In the 1850s railroads were all the rage, and the U.S. Army was sent to survey potential routes west of the Mississippi River. In the fall of 1853 Captain John Williams Gunnison of the Corps of Topographical Engineers and members of his railroad survey party were murdered in central Utah Territory. President Franklin Pierce dispatched a column of soldiers to investigate and to gain hegemony over Mormons of the region. Considered by many a religious cult, members of the Church of Jesus Christ of Latter-day Saints had been driven out of Missouri and persecuted and attacked in Illinois through the 1830s and ’40s. So, in the summer of 1847 Mormon emigrants led by Brigham Young had launched a westward exodus to found the State of Deseret, centered on Salt Lake City. In 1850 Congress organized the Mormon “Zion” as Utah Territory.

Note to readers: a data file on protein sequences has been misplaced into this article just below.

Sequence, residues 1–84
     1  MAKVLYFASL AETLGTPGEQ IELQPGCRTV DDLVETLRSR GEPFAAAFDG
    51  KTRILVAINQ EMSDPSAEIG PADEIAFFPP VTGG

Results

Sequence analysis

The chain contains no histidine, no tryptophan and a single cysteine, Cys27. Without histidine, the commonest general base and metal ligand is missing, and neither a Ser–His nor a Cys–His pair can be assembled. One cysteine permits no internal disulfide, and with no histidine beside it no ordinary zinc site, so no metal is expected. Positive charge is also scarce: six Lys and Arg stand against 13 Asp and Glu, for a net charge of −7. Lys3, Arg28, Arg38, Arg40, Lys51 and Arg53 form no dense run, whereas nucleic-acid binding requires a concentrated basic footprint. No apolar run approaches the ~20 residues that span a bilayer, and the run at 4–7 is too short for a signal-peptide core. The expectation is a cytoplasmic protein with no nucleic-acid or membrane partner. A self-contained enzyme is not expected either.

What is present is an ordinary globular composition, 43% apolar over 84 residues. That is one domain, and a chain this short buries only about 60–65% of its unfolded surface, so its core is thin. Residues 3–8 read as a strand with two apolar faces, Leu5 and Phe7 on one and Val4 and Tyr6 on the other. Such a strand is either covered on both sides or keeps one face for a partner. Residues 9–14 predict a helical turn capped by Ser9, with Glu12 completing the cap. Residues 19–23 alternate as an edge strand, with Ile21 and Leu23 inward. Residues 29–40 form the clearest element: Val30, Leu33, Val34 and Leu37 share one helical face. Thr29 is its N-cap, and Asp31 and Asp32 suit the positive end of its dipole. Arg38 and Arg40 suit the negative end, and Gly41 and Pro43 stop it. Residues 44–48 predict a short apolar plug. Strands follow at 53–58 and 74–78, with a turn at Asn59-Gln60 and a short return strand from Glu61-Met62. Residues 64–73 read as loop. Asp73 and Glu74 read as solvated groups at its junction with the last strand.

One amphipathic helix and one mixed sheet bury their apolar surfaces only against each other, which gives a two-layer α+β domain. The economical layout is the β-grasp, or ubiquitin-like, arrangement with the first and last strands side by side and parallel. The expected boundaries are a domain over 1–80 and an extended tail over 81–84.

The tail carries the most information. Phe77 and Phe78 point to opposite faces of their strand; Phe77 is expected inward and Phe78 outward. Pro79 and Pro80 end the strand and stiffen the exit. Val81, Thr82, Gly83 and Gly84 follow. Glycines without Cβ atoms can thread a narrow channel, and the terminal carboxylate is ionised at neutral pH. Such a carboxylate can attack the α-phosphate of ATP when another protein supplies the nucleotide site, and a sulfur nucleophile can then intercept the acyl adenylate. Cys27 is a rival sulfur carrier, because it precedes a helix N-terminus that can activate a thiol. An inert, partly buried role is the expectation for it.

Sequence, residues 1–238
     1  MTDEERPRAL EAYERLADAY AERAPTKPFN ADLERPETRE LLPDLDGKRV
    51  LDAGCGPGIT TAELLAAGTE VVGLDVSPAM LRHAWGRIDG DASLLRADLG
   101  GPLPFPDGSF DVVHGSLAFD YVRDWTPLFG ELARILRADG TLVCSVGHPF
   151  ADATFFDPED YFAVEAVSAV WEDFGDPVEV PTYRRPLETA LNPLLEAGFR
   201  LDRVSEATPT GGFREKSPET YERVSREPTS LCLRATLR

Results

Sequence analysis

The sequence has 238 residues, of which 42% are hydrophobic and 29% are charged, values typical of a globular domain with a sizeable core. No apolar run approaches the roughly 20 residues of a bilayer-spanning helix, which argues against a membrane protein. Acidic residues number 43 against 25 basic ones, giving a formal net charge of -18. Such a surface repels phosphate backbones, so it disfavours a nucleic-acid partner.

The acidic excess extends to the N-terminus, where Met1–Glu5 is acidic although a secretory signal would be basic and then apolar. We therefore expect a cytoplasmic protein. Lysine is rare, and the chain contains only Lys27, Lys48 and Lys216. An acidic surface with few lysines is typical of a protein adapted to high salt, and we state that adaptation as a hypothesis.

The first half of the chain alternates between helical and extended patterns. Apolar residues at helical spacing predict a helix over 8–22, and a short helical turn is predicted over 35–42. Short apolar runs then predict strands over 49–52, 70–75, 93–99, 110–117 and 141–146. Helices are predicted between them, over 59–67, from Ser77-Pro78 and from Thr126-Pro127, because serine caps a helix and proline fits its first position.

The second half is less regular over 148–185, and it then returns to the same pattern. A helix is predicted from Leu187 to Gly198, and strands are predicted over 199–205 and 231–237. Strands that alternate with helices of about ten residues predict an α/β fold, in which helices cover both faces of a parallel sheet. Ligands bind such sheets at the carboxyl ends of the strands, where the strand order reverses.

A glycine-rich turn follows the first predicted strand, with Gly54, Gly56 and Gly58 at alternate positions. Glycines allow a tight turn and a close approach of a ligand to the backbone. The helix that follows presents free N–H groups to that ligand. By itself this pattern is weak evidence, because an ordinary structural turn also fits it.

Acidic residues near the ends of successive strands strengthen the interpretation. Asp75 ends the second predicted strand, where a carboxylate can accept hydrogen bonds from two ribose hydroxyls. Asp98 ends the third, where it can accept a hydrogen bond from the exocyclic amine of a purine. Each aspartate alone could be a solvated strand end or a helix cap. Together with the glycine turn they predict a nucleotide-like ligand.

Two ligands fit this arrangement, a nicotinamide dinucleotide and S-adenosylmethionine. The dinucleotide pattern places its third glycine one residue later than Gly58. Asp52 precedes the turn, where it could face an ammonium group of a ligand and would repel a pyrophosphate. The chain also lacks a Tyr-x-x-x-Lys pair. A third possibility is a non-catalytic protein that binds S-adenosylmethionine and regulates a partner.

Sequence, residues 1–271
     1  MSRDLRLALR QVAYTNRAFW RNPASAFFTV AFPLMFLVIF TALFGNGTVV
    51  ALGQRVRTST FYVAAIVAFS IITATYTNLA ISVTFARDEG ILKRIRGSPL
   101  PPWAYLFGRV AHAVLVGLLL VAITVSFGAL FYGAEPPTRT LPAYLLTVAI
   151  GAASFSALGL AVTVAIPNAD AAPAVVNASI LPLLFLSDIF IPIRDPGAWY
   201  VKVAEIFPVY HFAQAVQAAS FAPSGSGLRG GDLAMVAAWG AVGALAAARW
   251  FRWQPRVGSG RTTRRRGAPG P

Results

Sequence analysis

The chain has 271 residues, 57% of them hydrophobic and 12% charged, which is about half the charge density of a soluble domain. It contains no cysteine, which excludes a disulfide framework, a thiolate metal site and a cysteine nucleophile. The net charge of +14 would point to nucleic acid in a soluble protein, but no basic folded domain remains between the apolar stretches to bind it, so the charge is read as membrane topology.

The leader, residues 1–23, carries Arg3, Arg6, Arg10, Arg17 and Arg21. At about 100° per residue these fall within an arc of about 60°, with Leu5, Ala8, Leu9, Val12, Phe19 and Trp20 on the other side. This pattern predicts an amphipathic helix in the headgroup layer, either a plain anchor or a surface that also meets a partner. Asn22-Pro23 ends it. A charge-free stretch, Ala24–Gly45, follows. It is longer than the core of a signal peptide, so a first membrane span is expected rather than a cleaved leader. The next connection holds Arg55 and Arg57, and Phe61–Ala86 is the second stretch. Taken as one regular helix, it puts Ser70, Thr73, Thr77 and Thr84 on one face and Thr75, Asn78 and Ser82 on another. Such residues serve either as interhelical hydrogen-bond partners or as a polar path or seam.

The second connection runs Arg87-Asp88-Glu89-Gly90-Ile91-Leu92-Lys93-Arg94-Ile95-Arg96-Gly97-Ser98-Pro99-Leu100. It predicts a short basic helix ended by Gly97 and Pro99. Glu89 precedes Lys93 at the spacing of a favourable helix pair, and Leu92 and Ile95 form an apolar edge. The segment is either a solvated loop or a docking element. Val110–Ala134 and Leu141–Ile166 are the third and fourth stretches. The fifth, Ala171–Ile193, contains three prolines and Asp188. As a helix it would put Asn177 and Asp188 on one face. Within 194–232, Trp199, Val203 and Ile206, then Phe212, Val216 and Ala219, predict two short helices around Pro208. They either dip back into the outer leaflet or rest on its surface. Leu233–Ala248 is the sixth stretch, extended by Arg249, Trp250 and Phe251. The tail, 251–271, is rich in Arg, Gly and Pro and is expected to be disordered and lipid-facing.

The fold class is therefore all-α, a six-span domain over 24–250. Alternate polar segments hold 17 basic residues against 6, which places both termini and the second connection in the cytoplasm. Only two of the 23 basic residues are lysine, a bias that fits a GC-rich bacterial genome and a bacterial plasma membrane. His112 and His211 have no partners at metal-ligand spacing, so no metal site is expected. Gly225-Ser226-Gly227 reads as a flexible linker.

Captain Gunnison had long maintained friendly relations with the Mormons and in 1852 had published The Mormons, or, Latter-day Saints, in the Valley of the Great Salt Lake, a generally favorable account of their history. A year later the Army ordered the captain to conduct a topographical survey of the broader Great Basin region to determine its suitability as a route for a proposed transcontinental railroad. On June 2, 1853, the survey party—comprising Gunnison and co-commander Lieutenant Edward Beckwith, topographer and artist Richard Kern and assistant topographer James Snyder, astronomer Sheppard Homans, surgeon and geologist Dr. James Schiel and botanist Frederick Creutzfeldt—set out from Fort Leavenworth (in what would soon be organized as Kansas Territory) for Utah Territory. Accompanying them were Brevet Captain Robert Morris, 2nd Lt. Laurence Baker and some 30 Mounted Riflemen, while wagon master Charles Taplin headed the teamsters. In October Gunnison and his scientific team were exploring terrain near the territorial capital of Fillmore (Salt Lake City replaced it as the capital in 1856). Though warned of troubles with tribes in the area, the captain wasn’t worried, as he had established good relations with the local Ute band. But on the morning of October 26 Ute warriors attacked the party’s camp along the Sevier River near Black Canyon, killing Gunnison and seven others in what became known as the Gunnison Massacre.